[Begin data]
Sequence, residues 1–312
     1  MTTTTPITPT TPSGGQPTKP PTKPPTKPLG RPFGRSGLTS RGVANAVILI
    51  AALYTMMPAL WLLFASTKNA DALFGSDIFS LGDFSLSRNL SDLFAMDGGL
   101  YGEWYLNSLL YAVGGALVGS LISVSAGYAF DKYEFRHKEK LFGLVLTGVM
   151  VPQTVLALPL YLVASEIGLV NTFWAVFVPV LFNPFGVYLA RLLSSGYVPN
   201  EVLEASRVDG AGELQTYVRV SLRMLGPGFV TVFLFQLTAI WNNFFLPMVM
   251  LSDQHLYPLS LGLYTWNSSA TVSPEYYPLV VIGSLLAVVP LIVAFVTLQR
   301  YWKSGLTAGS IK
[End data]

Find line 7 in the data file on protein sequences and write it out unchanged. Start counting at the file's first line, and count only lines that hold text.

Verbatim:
   251  LSDQHLYPLS LGLYTWNSSA TVSPEYYPLV VIGSLLAVVP LIVAFVTLQR